5 edition of Characters and Characterization in Luke-Acts found in the catalog.
|Statement||Bloomsbury Publishing Plc|
|Publishers||Bloomsbury Publishing Plc|
|The Physical Object|
|Pagination||xvi, 93 p. :|
|Number of Pages||43|
nodata File Size: 3MB.
Jesus and salvation history-- Part III. Specifically, this is a study of one particular physical marker—blindness. Luke, however, employs these principles in his writings in order to subvert the paradigm.
Together, the essays reflect the understanding that while many of the literary techniques involved in characterization attest a certain universality, each writer also brings his or her own unique perspective and talent to the portrayal and use of characters, with the result that analysis of a writer's characters and style of characterization can enhance appreciation of that writer's work.
Chapter One: Introduction Methodology Outline of Chapters Chapter Two: An Introduction to Physiognomy Physiognomy Defined: Its History and Practice Introducing the Sources—Handbooks on Physiognomy The Methods of the Physiognomists Physiognomy in Practice: Examples in Ancient Literature Conclusion Chapter Three: Eyes, Sight, and Blindness: Learning to See with Physiognomic Eyes Disability in the Greco-Roman World The Eyes: Window to the Soul Blindness in Greco-Roman Literature: Developing a Topos Examples of Blindness in Greco-Roman Literature Conclusion Chapter Four: Physiognomy and Blindness in the Old Testament and Second Temple Judaism Linking Physiognomy to the Old Testament Examples of Physiognomy in the Old Testament and Second Temple Judaism Blindness in the Jewish Writings Conclusion Chapter Five: Physiognomy and Blindness in the New Testament and Other Early Christian Literature Examples of Physiognomy Characters and Characterization in Luke-Acts the NT and Other Early Christian Literature Examples of Characters and Characterization in Luke-Acts in the NT and Other Early Christian Literature Conclusion Chapter Six: Physiognomy and Blindness in Luke-Acts Physiognomy in Luke-Acts Blindness in Luke-Acts Chapter Seven: Conclusion Bibliography Readership.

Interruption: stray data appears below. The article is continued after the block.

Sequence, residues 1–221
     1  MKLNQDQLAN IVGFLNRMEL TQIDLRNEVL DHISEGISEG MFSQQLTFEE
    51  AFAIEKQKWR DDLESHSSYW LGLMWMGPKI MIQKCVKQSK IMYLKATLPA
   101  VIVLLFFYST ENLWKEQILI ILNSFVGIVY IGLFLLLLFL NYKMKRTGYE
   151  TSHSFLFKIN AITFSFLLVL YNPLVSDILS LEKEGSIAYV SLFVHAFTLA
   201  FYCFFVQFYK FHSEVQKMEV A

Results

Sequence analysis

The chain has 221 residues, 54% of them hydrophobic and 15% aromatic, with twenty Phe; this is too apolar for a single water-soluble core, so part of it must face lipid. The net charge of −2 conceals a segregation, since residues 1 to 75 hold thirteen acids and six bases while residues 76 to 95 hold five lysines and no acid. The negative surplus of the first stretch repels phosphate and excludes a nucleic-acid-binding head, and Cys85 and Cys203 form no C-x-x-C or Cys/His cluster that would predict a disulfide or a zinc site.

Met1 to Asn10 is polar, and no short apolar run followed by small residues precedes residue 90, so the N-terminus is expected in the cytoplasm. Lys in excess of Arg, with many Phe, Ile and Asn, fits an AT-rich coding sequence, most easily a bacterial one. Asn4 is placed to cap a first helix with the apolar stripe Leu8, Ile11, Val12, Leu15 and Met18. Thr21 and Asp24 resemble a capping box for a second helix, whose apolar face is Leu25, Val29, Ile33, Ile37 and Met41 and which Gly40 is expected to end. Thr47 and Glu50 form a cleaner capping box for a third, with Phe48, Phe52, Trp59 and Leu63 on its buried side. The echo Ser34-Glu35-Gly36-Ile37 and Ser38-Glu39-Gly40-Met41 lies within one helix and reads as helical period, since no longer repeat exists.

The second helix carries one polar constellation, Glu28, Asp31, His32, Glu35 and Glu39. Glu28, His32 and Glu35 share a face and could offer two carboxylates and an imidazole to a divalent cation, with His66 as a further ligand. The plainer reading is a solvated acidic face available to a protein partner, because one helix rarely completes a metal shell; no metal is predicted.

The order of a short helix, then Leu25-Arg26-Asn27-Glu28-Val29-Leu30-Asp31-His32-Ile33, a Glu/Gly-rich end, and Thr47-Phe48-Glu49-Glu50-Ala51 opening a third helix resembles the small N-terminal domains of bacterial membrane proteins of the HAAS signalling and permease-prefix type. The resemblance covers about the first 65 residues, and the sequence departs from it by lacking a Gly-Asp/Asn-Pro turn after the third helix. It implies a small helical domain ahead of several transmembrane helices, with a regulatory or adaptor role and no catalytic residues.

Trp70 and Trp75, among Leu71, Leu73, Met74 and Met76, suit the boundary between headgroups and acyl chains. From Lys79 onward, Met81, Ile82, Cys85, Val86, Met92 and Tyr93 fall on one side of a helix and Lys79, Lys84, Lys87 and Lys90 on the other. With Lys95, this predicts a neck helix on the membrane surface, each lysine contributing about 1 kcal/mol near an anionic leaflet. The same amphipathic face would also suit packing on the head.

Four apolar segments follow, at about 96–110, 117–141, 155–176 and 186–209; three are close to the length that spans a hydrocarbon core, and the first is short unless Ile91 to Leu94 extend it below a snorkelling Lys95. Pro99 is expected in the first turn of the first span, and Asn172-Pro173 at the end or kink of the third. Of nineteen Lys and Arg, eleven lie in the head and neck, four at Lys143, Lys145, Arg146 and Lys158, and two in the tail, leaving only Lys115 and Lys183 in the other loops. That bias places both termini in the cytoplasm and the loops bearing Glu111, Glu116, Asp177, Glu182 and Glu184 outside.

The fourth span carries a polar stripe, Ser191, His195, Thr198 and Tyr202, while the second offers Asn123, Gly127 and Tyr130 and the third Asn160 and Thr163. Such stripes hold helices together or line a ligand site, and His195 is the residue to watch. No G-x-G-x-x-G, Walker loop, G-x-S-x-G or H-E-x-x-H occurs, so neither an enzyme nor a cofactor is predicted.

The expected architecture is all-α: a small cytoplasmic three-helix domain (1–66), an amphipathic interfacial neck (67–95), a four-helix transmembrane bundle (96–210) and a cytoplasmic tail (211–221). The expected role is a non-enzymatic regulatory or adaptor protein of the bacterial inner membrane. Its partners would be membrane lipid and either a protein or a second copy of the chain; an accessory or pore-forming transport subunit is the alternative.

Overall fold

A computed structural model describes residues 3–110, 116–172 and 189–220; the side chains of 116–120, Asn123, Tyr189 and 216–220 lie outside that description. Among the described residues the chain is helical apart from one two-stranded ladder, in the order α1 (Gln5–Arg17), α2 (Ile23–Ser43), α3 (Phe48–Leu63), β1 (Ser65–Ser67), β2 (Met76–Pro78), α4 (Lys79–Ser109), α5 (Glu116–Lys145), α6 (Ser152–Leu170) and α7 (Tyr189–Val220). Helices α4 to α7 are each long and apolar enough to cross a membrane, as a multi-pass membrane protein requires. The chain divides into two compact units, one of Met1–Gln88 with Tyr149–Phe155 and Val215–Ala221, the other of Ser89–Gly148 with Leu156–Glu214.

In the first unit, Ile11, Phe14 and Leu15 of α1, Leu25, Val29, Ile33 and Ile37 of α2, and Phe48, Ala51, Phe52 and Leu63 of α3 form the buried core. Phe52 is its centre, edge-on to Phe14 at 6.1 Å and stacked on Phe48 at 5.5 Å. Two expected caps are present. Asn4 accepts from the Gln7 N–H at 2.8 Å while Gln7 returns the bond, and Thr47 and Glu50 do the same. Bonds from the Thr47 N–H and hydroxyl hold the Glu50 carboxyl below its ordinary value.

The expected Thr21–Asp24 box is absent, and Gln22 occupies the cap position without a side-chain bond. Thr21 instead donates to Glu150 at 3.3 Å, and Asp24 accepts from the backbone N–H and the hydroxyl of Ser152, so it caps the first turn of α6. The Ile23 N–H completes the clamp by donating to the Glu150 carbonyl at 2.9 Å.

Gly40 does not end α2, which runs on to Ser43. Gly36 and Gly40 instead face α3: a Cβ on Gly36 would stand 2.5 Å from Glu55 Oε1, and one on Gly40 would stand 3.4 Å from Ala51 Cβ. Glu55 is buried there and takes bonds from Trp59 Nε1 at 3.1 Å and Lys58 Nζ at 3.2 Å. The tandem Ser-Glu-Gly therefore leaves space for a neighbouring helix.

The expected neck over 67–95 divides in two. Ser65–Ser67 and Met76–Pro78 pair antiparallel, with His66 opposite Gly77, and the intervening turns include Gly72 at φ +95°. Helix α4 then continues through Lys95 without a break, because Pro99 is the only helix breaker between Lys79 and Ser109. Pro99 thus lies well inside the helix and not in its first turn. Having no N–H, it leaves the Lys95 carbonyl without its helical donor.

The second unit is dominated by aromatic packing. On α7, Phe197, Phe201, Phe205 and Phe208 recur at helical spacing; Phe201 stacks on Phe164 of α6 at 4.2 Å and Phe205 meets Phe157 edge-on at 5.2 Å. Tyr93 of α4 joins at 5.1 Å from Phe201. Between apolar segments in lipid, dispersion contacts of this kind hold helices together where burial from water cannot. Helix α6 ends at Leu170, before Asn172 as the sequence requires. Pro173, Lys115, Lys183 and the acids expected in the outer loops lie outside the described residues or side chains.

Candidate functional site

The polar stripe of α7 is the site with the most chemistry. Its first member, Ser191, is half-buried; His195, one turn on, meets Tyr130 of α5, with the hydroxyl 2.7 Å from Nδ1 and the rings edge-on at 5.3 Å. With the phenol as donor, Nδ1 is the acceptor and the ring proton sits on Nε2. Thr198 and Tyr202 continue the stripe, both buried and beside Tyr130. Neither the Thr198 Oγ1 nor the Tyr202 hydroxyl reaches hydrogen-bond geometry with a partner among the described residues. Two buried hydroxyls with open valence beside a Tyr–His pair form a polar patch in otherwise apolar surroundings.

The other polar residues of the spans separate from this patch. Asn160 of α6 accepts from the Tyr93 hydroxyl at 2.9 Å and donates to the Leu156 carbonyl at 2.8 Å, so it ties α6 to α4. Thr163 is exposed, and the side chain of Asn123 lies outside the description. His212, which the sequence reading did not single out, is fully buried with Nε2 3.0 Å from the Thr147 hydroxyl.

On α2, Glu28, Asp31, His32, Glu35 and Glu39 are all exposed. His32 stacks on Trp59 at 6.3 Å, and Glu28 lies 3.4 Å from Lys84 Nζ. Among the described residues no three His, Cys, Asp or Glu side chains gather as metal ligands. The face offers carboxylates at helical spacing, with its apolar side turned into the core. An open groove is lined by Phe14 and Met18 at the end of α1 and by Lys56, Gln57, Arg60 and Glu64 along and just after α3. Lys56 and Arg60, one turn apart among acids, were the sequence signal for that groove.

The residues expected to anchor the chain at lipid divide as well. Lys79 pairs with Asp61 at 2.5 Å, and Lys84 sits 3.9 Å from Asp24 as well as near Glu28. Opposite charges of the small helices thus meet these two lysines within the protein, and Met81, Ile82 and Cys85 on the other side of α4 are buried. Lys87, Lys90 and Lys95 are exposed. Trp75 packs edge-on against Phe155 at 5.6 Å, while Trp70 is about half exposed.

The Presence and presentation of Jesus as a Character in the Book of Acts• Contents Part 1: The Gospel of Luke• Through historical criticism Shillington looks at and explains questions of authorship, the time and setting of the composition, sources and historical background.
The diversity of methodological approaches, perspectives, and literary insights make this volume a helpful and valuable contribution to scholarship on Luke-Acts. Lazarus and the Rich Man Luke 16:19-31 in the Context of Luke- Acts Reuben.
They act as interpreters of salvation history, God's prophetic mouthpieces, witnesses to the resurrection, proclaimers and teachers of the gospel, and patrons and leaders of the early church. Theoretical and methodological discussions are complemented with case studies of specific Lukan characters.
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View: 222 This guide to interpreting the characters in Luke-Acts, the longest and most complex of New Testament narratives, uses the latest literary-critical theory and biblical scholarship to construct an understanding of how the characters are formed and how they function in the Lukan writings.
Incorporating modern approaches in the field, Shillington looks at postcolonial and feminist criticism and how they have changed our understanding of these books.